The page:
You see this a lot in the leather community, where new events are purposely scheduled to draw money away from long-running fundraisers, or where, whenever somebody wins a title, people slither out of the ducts to air grievances on why the victory is not deserved.
Right before I went to International Mr. Leather, several people wished me luck but also went out of their way to explain that I was far too unattractive to do well there. The fact that the people trying to pull me back into the bucket had either competed previously and not had good showings, or weren’t confident enough in themselves to compete in the first place, was not lost on me.
Within the greater occult community, crab mentality is primarily directed at Big Name Pagans, which is understandable in terms of accessibility but still not excusable. At the moment, and as we saw with our esteemed author above, there is much grumbling about online workshops, with objections ranging from the aforementioned, “I don’t know who any of these presenters are,” to “I know every one of these presenters and am bored with them,” to “Awards ceremonies are stupid and I don’t like anyone on the ballot so I’m not going to support it and neither should you.”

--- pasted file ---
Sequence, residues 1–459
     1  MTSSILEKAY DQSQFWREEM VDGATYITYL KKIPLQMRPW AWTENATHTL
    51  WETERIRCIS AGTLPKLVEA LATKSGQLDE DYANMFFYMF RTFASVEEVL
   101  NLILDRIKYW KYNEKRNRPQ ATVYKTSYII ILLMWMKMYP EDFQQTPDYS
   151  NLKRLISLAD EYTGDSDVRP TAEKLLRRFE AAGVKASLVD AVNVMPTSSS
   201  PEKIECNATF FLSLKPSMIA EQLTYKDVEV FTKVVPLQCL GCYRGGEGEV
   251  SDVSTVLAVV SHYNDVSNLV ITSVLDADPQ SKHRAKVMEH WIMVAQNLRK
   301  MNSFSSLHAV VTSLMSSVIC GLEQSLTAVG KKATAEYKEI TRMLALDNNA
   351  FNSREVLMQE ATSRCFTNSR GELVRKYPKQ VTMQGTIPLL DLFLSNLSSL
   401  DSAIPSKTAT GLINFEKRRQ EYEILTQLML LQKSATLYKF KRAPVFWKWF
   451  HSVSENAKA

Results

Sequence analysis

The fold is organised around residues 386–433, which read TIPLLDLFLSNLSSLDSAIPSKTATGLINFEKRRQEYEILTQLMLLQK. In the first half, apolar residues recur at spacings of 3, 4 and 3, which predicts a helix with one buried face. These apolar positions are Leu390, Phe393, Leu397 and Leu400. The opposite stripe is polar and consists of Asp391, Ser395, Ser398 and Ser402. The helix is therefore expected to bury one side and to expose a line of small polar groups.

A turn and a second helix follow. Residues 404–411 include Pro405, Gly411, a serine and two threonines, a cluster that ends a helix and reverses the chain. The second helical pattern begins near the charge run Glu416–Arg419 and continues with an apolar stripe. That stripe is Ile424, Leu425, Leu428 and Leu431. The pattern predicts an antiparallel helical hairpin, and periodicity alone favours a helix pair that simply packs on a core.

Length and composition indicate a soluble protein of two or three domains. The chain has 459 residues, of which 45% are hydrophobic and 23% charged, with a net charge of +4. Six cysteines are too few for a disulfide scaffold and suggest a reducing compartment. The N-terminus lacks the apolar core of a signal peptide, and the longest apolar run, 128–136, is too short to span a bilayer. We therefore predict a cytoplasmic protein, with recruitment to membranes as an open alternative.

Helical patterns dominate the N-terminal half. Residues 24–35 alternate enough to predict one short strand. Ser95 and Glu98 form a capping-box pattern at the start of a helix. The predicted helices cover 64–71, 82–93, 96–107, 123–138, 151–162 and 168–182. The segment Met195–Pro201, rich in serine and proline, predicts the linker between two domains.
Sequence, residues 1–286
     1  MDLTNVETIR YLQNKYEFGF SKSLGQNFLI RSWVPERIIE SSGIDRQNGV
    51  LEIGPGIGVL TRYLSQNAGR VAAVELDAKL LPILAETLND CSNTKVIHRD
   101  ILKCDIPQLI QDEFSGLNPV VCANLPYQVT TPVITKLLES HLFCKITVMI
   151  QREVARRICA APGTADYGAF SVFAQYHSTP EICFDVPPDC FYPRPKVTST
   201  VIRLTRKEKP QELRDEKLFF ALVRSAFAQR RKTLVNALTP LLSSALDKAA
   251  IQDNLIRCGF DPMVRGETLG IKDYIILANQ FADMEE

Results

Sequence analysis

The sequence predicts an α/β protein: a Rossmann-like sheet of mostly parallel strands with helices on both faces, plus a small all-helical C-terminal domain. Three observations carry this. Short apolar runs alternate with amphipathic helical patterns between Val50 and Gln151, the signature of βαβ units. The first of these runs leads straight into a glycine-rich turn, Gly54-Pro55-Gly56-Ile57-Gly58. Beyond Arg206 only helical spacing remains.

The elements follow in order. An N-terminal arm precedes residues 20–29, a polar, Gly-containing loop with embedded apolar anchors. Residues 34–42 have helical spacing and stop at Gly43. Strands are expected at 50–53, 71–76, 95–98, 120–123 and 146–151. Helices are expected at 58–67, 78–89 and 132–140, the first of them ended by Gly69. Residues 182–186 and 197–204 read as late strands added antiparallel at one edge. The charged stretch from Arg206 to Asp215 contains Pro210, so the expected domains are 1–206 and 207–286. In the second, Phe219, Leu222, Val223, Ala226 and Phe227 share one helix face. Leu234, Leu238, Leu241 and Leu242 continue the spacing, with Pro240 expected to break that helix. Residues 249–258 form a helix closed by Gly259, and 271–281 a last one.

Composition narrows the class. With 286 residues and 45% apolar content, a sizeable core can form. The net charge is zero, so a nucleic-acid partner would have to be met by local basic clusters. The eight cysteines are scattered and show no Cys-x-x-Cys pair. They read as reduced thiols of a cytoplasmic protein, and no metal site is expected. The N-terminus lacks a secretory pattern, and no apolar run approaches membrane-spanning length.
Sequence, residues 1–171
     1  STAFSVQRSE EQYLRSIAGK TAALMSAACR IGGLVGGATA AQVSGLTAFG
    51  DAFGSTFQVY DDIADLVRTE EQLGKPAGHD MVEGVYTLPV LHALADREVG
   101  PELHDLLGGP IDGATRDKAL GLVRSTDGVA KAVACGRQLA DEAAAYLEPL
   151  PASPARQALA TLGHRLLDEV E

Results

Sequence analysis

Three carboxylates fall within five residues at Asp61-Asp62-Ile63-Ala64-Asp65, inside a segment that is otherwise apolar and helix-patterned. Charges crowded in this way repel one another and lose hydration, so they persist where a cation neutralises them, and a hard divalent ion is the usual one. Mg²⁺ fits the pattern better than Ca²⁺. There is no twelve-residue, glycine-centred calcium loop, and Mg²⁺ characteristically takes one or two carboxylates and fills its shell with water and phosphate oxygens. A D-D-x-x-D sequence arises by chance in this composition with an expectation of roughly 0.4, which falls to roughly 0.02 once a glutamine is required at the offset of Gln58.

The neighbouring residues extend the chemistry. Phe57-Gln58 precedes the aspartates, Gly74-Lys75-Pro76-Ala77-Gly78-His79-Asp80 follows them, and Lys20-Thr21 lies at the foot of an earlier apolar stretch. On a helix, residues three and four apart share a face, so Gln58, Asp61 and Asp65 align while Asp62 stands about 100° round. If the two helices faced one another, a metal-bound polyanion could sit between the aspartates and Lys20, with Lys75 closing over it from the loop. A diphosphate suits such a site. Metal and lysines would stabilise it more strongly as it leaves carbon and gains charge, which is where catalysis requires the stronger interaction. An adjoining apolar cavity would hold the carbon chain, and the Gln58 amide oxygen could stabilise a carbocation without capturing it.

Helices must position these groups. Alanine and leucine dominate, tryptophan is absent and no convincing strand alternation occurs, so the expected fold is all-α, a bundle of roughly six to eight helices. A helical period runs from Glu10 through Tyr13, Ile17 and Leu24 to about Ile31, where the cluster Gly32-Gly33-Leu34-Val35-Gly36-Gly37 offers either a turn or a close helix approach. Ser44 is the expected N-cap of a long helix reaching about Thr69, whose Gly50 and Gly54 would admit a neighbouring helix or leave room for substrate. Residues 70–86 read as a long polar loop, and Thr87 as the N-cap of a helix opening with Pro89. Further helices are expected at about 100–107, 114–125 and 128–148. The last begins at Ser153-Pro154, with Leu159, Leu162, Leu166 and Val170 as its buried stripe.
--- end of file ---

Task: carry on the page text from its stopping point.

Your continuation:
Also eerily similar to the leather community, by the way. In fact, here’s my favorite accusation ever about a leather contest (that I’d actually helped produce): “It was obviously rigged. The winner only won because the judges thought he did the best.”
I know, right? How very dare he win by winning.
While crab mentality is not exclusive to subcultures, it’s more endemic within them as opposed to mainstream society, since it goes hand in hand with horizontal hostility. And it’s particularly damaging within Paganism, because we tend to view Big Name Pagans as somehow more privileged than the rest of us. We don’t always see the sacrifices made to focus on art, or the juggling of mundane day jobs with book tours — what we do see is a small group of people getting attention and accolades that we maybe kind of want for ourselves.